unit Receiver

Direct signal


During the experiments measurements were performed at the distances 1, 5, 10, 20 meters in the

x-axis direction and up to 10 m with a step 2 m in the

y-axis direction. The actual positions of the mobile unit were determined by means of mechanical measurements. At each point ten measurements were carried out.

The uncertainty of measurements of spatial coordinates was characterised by a standard deviation. In our case the position of the active beacon is given by two – x and y coordinates, therefore the total uncertainty was determined from the uncertainties of measurements of x and y


) ( ) ( ) ,

(x y s2 x s2 y

s = + , (2)

The spatial distribution of these uncertainties is presented in Fig.6. The origin of coordinates in Fig.6 corresponds to the position of the basic unit (Fig.2).


x / m

y / m s(x,y) / mm


40 20 0


0 10


5 10

15 20 25

Fig.6. Graphical illustration of the experimental standard deviation modulus

The numerical values of the calculated and experimentally determined measurement uncertainties in x and y directions are presented in Table 1.

Table 1

Coordinate (x,y), m (0, 10) (5, 10) (10, 10) (0, 20) (5, 20) (10, 20)

Calculated standard

u(x), mm

4.11 4.9 6.77 8.22 8.66 9.83

uncertainty u(y), mm

1.71 3.48 7.94 3.38 4.33 6.7

Experimental standard

uE(x), mm

9.86 6.65 8.1 19.1 14.2 16.7

uncertainty uE(y), mm

1.15 4.14 8.6 1.6 3.5 8.45


The proposed ultrasonic binaural method enables measurement of spatial coordinates of mobile objects in air up to 20m. The best accuracy is obtained close to the symmetry axis of the measurement system and does not exceed 9mm in x direction and 20mm in perpendicular y direction even at 20m from the mobile unit. High robustness and good accuracy of




20 m


R 1 R 2

Lo=1 m

x y


measurements were achieved due to application of ultrasonic coded sequences and correlation processing, which is carried out on line by a digital signal processor.


1. R. Kuc. Biomimetic sonar recognizes objects using binaural information. J. Acoust. Soc. Amer. 102 (2, Pt.1) (1997) p.689.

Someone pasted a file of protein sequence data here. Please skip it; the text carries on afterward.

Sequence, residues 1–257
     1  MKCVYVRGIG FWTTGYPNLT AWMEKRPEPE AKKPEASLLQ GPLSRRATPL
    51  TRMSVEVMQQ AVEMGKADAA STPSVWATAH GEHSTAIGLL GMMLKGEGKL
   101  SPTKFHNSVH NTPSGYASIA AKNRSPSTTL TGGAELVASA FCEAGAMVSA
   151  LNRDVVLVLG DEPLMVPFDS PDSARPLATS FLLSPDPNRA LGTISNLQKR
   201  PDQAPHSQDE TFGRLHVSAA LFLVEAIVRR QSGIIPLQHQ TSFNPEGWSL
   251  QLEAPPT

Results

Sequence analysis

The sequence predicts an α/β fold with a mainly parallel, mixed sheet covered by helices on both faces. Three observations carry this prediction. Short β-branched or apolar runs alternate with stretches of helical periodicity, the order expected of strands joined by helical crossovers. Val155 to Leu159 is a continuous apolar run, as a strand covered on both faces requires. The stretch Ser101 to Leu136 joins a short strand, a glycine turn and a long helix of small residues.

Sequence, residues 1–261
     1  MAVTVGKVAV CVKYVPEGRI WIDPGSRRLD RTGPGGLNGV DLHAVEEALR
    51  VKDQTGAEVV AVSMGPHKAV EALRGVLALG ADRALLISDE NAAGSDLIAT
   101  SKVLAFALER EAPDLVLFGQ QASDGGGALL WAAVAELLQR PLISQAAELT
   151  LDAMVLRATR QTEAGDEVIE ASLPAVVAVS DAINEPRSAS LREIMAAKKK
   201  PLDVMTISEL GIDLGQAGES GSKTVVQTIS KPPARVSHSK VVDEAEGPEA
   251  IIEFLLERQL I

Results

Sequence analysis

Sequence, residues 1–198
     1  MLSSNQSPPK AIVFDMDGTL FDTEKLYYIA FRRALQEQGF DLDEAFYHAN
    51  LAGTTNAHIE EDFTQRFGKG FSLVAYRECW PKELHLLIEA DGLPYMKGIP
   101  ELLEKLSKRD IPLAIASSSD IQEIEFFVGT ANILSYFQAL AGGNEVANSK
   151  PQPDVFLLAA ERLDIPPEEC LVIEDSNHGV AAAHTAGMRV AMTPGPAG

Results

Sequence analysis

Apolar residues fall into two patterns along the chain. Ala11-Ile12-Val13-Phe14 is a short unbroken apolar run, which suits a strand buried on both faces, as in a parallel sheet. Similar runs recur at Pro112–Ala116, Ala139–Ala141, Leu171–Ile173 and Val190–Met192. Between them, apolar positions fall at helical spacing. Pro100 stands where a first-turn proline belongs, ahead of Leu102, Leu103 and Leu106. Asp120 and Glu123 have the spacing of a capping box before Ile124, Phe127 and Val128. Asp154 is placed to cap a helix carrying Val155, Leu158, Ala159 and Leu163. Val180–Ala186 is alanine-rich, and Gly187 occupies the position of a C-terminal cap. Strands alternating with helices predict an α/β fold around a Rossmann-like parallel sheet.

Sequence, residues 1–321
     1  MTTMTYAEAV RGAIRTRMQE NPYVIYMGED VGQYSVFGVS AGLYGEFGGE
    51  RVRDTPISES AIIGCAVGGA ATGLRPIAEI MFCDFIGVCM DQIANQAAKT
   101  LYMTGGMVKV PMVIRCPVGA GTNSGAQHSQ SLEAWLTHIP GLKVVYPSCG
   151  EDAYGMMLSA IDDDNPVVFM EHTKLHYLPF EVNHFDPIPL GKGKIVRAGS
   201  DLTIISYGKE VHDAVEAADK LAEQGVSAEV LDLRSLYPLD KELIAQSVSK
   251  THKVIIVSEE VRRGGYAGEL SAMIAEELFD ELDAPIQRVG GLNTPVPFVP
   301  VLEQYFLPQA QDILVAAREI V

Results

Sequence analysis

2. H. Peremans, K. Adenauert, J.M. Van Campenhout. A high-resolution sensor based on tri-aural perception. IEEE Trans. Robot. Automat. 9 (1) (1993) p.36.

3. H. Peremans. Broad beamwidth ultrasonic transducers for tri-aural perception. J. Acoust. Soc. Amer. 102 (3) (1997) p.1567.

4. R. Kazys. Smart ultrasonic sensor for semi-autonomous robots. Mechatronics’98, Proceedings of the 6th UK Mechatronics International Conference, Skovde, Sweden, Pergamon, Amsterdam-Tokyo, 1998, p.489.

5. R. Kazys, L. Svilainis, L. Mazeika. Application of orthogonal ultrasonic signals and binaural processing for imaging of environment. Ultrasonics 38 (1-8) (2000) p.171.


Fig.1. Measurement principle of the spatial  coordinates of mobile object
Fig.1. Measurement principle of the spatial coordinates of mobile object p.2
Fig. 3. Ultrasonic coded M-sequence received at 1 m from the mobile unit
Fig. 3. Ultrasonic coded M-sequence received at 1 m from the mobile unit p.3
Fig.4. Cross-correlation function of the experimental measurement: a – short distance (5 m); b – long distance (20 m); c – propagation of ultrasound waves
Fig.4. Cross-correlation function of the experimental measurement: a – short distance (5 m); b – long distance (20 m); c – propagation of ultrasound waves p.4
Fig.5. Scanning direction of the mobile  unit during measurements
Fig.5. Scanning direction of the mobile unit during measurements p.5